I noticed that the AXIS P1224-E has an Ethernet based camera. I've never seen that before, only USB based. Anyone know of such a camera that could connect to an openwrt router then view the video using what ever port/service it's running on?
There are also a ton of wireless cameras on the market. How could one be used with openwrt? I could use the WiFi radio to connect to the camera but would need to find a way to output the camera video. Most of those little cameras use apps which would not work.
The ones sold as a complete solution to general home consumers are basically IOTs, they upload to the manufacturer's server. These are usually wireless to simplify installation, they can connect to any home wifi network that has access to the Internet.
Professional models don't require apps. It is possible to simply connect to the camera with a web browser on the same LAN and watch live. However you usually want an on-site or off-site video server to record video.
Either type since they are IP based will directly integrate into an IP network, that is an important point to not have separate wiring etc for cameras.
I mentioned the Axis only in terms of the Ethernet based cable the camera is connected to. I've never seen that unless it's just an IP camera.
In terms of wireless, I mean all those low cost wifi cameras you see out there these days, where all you need is an app on your mobile. You connect to the camera using the mobiles wifi then use the app to see the video. I'm curious to know if such a method could be done using openwrt where the wireless (not IP camera) would be wirelessly connected to the openwrt device then you would use a browser to view the video.
That depends on having a server on the Internet. The manufacturer sponsors it and recovers the cost either through marking up the price of the cameras, or requiring you to subscribe to their service, or both.
It is possible to set up such a thing entirely independently at ome, but that's outside the scope of OpenWrt. A video server need lots of disk space obviously and usually quite a bit of CPU.
Lots of interesting thoughts but maybe further than what I'm asking about.
Sure, there could be a server over the Internet, that would not be an issue.
My main interest however is more about the hardware (wireless camera) and how to get that video/images to the openwrt device without an app.
Whether I can view the video directly from openwrt using a browser or not is secondary to me. My main curiosity is what camera could do that with openwrt.
I mean, it's easy to use a USB camera for example and view the video/images using mjpeg-streamer but that camera is physically connected to the device. I'm curious about using a wireless (not IP based) camera.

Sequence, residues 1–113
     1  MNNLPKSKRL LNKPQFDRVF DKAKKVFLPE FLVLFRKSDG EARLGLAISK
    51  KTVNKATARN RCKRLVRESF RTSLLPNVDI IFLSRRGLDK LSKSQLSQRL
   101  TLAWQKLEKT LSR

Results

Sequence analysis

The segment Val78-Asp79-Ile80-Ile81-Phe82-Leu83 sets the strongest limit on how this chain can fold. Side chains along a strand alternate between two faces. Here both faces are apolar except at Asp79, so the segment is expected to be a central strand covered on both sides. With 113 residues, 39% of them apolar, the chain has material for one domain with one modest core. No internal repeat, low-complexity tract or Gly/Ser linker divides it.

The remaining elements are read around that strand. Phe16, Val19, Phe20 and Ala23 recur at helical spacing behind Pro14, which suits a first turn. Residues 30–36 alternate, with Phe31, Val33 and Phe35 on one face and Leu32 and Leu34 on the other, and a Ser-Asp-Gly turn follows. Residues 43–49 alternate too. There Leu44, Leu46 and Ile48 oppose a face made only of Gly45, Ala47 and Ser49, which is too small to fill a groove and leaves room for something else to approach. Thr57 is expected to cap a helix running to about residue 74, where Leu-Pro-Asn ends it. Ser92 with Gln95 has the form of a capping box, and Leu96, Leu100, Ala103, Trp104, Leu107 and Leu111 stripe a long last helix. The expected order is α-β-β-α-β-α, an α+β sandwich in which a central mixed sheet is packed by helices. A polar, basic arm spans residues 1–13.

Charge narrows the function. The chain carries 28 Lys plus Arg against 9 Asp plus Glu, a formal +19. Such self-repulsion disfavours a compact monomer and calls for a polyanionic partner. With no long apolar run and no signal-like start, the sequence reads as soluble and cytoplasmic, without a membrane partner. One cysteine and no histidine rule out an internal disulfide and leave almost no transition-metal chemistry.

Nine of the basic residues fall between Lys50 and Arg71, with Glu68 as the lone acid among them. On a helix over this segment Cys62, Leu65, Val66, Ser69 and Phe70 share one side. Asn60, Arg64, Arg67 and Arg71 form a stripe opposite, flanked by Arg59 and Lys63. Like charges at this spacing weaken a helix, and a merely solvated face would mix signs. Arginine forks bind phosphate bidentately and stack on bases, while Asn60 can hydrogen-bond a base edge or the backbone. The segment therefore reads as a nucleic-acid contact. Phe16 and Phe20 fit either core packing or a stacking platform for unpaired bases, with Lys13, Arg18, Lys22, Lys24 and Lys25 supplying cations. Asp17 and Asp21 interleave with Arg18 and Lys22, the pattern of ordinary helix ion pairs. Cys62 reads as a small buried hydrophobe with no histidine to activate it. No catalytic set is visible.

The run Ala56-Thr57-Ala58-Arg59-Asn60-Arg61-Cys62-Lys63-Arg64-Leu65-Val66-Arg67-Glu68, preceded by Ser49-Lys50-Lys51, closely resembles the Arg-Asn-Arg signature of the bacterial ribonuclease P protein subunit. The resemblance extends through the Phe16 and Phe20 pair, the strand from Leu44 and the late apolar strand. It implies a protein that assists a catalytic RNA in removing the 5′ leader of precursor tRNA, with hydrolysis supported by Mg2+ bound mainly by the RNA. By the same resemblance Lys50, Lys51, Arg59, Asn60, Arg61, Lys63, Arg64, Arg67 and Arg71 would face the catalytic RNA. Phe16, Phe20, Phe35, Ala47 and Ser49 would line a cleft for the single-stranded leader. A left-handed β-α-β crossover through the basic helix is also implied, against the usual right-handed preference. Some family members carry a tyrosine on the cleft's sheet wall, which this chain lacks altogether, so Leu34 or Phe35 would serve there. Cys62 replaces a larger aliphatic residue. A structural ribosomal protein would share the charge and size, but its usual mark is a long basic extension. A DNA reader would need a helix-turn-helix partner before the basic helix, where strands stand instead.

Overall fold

Your question is not related to OpenWrt in any way. What you are searching for is detailed information about camera capabilities. You will get better support and come to a faster solution if you ask your question in hardware / surveillance specific forums.
In other words if you buy an IP camera you don't need extra pieces. It's already built. Just connect it to any network and go. The network can be as simple as an Ethernet cable direct to a PC with a web browser.
Also new IP cameras have GPU chips which implement much better compression than mjpg, such as H.265.
If you buy something like an Amcrest IP camera, you just wire it into your network (or connect to your wifi) and then point your browser at it's IP... Voila you log in and watch the feed. If you want to grab the feed not through a browser then you can also do that, like through VLC... OpenWrt isn't involved at all except that it controls where the packets go.
all decent camera systems (i.e. not consumer garbage with apps and phone-home and remote-hacking) can be set to or at least allow you to send their stream to a CCTV server application running on the same network, and you can have the GUI there.
Well-knwn opensource CCTV server applications are Shinobi https://shinobi.video/ or Zoneminder https://www.zoneminder.com/
I suggest to look at the list of cameras that are supported by them as a start, and use a mini PC or a thin client as the "CCTV server", aka the system where you install Shinobi or Zoneminder.
OpenWrt devices on average are too weak to do this job for more than a couple cameras so it's always been kind of hacky and not well supported.